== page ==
The Knidian school failed to distinguish when one disease caused many possible series of symptoms. The Hippocratic school or Koan school achieved greater success by applying general diagnoses and passive treatments, its focus was on patient prognosis, not diagnosis. It could treat diseases and allowed for a great development in clinical practice. Hippocratic medicine and its philosophy are far removed from that of modern medicine. Now, the physician focuses on specific diagnosis and specialized treatment, both of which were espoused by the Knidian school; this shift in medical thought since Hippocrates' day has caused serious criticism over the past two millennia, with the passivity of Hippocratic treatment being the subject of strong denunciations. Another important concept in Hippocratic medicine was that of a crisis, a point in the progression of disease at which either the illness would begin to triumph and the patient would succumb to death, or the opposite would occur and natural processes would make the patient recover.
After a crisis, a relapse might follow, another deciding crisis. According to this doctrine, crises tend to occur on critical days, which were supposed to be a fixed time after the contraction of a disease. If a crisis occurred on a day far from a critical day, a relapse might be expected. Galen believed that this idea originated with Hippocrates, though it is possible that it predated him. Hippocratic medicine was passive; the therapeutic approach was based on "the healing power of nature". According to this doctrine, the body contains within itself the power to re-balance the four humours and heal itself. Hippocratic therapy focused on easing this natural process. To this end, Hippocrates believed "rest and immobilization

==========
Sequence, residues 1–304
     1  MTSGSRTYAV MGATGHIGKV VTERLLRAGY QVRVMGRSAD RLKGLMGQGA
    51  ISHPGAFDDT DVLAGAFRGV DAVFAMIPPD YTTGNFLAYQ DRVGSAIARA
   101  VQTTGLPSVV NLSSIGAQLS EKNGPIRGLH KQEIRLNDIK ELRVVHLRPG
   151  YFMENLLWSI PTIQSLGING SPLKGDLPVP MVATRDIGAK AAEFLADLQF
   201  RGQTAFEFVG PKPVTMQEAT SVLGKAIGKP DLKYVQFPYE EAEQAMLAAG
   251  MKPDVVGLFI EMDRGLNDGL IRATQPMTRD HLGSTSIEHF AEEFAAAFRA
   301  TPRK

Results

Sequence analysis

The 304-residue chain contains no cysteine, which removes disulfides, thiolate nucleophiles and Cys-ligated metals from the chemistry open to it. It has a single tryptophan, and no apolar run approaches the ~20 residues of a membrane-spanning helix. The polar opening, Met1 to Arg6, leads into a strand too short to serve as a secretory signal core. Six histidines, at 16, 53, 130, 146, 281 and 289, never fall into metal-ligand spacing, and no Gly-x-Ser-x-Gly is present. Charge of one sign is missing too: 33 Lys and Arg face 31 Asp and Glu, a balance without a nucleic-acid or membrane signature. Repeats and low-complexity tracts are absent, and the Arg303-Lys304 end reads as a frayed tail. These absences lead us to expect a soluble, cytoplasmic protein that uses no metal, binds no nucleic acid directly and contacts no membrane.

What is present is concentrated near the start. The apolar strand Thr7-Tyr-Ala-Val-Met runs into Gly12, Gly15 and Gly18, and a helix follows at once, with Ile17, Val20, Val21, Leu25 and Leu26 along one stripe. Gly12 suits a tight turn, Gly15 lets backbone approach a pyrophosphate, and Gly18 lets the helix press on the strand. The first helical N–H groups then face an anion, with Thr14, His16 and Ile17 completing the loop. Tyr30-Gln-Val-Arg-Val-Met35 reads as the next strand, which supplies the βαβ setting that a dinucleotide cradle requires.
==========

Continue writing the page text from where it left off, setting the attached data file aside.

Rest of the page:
Astrology in medieval Islam
The medieval Muslims took a keen interest in the study of astrology: because they considered the celestial bodies to be essential because the dwellers of desert-regions travelled at night, relied upon knowledge of the constellations for guidance in their journeys. After the advent of Islam, the Muslims needed to determine the time of the prayers, the direction of the Kaaba, the correct orientation of the mosque, all of which helped give a religious impetus to the study of astronomy and contributed towards the belief that the heavenly bodies were influential upon terrestrial affairs as well as the human condition; the science dealing with such influences was termed astrology, a discipline contained within the field of astronomy. The principles of these studies were rooted in Arabian, Babylonian and Indian traditions and both were developed by the Arabs following their establishment of a magnificent observatory and library of astronomical and astrological texts at Baghdad in the 8th century.